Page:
Did he or Didn't he?
Mary Fager went out of town to visit relatives. She returned home to Wichita, Kan., on December 31, 1987, to find that her family had been slaughtered. Her husband Phillip had been shot twice in the back, and in the basement her two daughters were both dead in the hot tub, which was still bubbling. Nine-year-old Kelli, naked, had been strangled first, while Sherri, 16, had been bound and then drowned. Wichita had already experienced the nasty work of a serial killer, the BTK, then not yet caught, who had killed four members of the Otero family in the 1970s, so detectives wondered if there might be a link. In fact, one of the BTK detectives assisted in the Fager family investigation.
An autopsy determined that the triple homicide had occurred the day before, and that the girls' flesh had simmered in the tub for hours. One immediate suspect was a contractor named Bill Butterworth, who had recently built the Fager's sunroom. Inexplicably, he'd stolen the family car. They located him in Florida and brought him back for trial. He claimed that he'd entered the home, seen the bodies and became so traumatized he'd fled. He could hardly recall what he'd done that day.
A few days after the triple homicide, Mary Fager found a note in her mail that seemed taunting, and with it was a drawing of a young girl, bound and lying next to a tub. The killer seemed pleased by the murders but did not claim credit. It seemed that Mrs. Fager had received a message from BTK, who's read about the crime and decided to impose his own sadistic flourish. The signature was similar to those he had placed on other missives, but the drawing was not an accurate rendition of the crime. The BTK killer seemed to be merely a voyeuristic participant after the fact.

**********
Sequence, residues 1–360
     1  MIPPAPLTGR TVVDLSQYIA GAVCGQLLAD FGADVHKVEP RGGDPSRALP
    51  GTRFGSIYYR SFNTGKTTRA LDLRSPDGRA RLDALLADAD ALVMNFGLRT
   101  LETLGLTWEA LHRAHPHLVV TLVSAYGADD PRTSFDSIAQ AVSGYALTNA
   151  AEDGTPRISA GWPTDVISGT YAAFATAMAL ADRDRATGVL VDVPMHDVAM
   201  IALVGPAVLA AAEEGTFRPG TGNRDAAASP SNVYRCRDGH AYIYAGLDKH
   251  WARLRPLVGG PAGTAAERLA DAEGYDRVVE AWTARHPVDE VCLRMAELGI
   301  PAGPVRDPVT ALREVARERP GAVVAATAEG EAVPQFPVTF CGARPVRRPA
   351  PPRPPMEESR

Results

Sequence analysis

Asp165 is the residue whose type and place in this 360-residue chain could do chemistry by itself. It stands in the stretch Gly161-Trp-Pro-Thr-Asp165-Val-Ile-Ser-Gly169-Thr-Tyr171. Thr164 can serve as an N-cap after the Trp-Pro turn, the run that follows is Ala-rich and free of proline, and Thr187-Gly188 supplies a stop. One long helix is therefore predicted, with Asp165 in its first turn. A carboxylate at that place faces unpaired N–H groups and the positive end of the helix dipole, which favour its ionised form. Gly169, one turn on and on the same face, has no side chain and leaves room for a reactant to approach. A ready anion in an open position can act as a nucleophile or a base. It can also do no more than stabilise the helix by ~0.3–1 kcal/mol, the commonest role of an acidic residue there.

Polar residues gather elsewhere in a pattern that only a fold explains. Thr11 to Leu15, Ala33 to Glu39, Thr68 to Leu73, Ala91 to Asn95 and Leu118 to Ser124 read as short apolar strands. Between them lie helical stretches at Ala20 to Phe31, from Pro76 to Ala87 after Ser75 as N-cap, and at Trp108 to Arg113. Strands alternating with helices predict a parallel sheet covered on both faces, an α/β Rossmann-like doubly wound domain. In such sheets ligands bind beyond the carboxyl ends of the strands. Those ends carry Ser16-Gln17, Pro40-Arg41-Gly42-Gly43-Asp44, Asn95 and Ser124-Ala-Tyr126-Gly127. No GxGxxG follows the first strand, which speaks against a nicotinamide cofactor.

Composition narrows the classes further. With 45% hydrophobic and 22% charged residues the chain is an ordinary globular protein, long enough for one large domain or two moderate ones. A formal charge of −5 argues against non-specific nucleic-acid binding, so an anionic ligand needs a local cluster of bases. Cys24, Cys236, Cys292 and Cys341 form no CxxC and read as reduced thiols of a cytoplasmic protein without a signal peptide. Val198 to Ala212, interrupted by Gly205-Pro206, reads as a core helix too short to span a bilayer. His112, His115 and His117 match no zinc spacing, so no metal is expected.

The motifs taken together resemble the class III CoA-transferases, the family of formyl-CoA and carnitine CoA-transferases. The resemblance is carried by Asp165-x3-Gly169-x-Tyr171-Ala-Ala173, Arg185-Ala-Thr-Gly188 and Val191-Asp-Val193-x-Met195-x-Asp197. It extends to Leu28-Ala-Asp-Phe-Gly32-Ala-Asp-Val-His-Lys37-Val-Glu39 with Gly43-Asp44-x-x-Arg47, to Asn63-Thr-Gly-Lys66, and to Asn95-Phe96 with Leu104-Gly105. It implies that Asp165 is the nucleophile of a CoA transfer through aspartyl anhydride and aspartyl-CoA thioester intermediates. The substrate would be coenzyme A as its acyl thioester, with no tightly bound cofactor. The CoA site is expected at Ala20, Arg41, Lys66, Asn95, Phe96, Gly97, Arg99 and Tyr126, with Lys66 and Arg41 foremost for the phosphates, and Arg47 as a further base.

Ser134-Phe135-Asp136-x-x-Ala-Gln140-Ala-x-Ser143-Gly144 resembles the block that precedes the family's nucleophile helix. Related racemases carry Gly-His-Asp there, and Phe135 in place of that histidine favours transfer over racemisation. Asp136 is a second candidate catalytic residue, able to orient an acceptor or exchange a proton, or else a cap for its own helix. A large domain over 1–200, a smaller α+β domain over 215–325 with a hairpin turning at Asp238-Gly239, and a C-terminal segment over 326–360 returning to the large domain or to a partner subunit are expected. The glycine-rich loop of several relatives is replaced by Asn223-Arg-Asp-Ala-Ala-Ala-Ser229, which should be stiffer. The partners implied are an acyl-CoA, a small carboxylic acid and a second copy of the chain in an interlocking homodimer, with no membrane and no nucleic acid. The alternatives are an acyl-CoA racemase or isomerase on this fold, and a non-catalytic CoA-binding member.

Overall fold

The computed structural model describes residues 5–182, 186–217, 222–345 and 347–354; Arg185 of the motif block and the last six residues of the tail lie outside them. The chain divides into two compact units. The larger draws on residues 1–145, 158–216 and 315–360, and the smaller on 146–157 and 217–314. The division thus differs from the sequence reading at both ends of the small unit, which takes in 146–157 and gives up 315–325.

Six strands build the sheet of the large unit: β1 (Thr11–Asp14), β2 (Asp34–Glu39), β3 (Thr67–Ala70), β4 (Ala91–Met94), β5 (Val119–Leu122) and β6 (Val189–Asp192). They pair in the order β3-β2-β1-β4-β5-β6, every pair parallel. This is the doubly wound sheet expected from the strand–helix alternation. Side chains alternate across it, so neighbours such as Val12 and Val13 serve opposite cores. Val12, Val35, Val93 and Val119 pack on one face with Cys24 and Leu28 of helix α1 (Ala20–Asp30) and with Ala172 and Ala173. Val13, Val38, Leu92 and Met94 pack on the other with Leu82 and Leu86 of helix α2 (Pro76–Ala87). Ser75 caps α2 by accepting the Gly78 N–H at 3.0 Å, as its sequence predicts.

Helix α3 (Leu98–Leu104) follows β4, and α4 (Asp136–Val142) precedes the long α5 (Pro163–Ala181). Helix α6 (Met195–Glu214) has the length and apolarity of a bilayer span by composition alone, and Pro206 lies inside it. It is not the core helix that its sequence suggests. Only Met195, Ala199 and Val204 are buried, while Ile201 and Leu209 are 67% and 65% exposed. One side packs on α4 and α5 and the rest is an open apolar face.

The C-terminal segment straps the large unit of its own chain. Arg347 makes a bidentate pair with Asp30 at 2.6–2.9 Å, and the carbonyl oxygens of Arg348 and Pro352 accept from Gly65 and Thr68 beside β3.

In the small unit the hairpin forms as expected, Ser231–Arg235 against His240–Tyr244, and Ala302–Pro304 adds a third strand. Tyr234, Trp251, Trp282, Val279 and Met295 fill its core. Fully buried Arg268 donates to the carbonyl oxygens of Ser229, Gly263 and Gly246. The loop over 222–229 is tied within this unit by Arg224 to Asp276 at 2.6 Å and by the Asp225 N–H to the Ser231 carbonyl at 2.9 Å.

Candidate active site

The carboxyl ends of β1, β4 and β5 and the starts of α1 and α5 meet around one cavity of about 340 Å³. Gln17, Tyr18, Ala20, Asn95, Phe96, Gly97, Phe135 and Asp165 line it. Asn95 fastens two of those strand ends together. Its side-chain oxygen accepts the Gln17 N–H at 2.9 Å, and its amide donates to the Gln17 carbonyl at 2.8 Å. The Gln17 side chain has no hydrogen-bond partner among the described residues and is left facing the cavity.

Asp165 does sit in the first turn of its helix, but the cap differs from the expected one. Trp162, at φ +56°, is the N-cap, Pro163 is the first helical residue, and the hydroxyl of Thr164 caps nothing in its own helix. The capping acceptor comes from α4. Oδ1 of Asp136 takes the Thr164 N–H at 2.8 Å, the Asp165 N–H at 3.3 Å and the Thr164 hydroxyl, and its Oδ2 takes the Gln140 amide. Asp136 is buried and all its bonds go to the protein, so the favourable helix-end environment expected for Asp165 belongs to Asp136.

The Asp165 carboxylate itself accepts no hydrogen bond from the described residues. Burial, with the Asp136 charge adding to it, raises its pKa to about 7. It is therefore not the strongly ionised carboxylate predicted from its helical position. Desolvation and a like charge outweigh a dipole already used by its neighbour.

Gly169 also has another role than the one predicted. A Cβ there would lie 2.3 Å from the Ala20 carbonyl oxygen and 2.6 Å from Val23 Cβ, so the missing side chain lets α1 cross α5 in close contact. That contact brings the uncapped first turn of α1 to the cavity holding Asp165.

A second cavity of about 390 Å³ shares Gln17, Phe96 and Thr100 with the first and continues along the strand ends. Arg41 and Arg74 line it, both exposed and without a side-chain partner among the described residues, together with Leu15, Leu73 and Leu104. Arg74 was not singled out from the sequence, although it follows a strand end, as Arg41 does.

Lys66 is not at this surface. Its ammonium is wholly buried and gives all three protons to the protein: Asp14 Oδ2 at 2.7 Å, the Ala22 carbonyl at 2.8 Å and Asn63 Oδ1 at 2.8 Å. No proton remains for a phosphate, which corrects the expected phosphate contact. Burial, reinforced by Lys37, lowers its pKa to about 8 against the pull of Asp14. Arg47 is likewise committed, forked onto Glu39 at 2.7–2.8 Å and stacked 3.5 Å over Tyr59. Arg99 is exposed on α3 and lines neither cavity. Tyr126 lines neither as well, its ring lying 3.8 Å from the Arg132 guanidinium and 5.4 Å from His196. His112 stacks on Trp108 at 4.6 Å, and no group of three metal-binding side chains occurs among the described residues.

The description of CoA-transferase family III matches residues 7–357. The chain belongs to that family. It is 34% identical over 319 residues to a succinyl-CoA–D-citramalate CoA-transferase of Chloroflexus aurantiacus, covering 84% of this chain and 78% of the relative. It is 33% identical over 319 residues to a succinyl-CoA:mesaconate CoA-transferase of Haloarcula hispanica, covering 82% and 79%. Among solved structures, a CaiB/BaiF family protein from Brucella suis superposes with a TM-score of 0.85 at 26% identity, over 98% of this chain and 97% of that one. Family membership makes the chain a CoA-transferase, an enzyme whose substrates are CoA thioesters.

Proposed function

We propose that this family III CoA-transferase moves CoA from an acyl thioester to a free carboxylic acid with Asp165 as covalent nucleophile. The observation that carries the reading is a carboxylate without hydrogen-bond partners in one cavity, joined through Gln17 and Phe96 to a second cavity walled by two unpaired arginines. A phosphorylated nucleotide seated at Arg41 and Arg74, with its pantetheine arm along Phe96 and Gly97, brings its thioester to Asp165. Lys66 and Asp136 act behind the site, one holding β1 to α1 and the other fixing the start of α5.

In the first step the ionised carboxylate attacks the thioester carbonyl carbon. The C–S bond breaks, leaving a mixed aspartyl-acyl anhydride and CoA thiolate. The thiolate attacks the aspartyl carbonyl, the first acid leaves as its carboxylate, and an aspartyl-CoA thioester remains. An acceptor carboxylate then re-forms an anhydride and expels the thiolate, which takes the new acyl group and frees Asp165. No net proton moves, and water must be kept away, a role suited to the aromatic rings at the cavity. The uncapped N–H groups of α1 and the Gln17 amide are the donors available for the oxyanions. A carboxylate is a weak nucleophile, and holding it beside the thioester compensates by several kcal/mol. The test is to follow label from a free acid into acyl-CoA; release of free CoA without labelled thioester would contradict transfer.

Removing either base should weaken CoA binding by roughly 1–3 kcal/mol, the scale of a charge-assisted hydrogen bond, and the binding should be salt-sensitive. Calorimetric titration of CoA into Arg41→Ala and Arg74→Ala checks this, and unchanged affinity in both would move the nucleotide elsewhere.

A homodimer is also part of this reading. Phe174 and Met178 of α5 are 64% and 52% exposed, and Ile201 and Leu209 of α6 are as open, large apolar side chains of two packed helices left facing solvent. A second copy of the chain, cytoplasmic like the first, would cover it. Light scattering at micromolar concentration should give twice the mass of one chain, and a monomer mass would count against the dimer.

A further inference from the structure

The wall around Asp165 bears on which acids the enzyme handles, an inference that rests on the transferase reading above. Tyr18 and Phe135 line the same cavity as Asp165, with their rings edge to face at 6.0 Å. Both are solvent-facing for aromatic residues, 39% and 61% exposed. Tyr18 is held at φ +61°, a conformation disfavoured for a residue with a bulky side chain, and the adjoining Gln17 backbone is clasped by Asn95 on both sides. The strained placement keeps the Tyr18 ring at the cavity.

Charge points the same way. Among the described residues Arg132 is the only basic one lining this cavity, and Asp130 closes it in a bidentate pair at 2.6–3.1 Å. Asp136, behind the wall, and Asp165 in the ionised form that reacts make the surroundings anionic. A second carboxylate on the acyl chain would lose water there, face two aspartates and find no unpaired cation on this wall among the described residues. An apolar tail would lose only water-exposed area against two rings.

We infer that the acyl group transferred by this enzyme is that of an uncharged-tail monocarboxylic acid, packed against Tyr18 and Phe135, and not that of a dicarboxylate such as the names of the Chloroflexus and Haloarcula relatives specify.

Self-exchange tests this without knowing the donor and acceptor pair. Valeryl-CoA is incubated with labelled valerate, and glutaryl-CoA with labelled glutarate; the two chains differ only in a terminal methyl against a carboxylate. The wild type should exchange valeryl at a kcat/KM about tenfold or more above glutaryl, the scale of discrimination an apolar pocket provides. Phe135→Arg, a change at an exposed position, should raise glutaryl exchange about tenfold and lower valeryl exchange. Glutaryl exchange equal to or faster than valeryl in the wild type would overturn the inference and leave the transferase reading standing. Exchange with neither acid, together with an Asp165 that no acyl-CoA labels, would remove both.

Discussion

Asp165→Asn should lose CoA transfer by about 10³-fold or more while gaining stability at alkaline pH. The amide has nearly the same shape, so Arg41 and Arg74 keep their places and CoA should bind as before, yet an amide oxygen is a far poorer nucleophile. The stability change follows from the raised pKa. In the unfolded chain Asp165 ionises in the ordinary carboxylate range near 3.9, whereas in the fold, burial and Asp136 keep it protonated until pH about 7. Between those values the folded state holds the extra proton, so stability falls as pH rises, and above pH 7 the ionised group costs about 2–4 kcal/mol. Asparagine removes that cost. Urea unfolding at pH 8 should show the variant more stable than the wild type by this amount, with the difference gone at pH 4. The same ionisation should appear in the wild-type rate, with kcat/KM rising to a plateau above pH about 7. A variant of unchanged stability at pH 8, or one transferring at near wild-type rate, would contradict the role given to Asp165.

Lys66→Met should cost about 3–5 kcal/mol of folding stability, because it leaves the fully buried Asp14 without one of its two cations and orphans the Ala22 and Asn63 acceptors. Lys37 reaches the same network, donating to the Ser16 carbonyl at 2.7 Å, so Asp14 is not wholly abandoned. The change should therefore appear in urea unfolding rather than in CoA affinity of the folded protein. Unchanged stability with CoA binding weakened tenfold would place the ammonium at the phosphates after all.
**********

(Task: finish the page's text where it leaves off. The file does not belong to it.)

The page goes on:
However, the note gave Butterworth's attorney what he needed to file a motion to link this murder to the unsolved BTK murders. While the judge denied the motion, the media played it up sufficiently to taint the jury pool. Jurors might now be primed to believe that BTK, whoever he was, was responsible. In an unusual move, the judge allowed testimony from a hypnotist who had put Butterworth under a trance. This expert testified that Butterworth, whom he maintained could not lie under hypnosis, had recalled finding two of the victims already dead and the third one Sherri in a struggle with someone, so he'd fled the house. The jury apparently believed this and found Butterworth not guilty of the crime. Dennis Rader BTK would later admit he had sent Mrs. Fager the letter and drawing. However, despite his confession to ten other murders, he did not take credit for this one.
Investigators in underwater forensics believe the girls could have been the victims of someone with a sexual fixation with drowning. Aquaphilia is sexual festishism that involves water. Whoever had placed them into the hot-tub might have wanted to watch their bodies in water, and perhaps had even strangled them in this location. Such people exist, as the next case shows, and more investigators should become aware of them in order to look for a specific kind of evidence. There are adults-only Websites for these paraphilias, and one man's membership in such a Website helped make a murder case stick.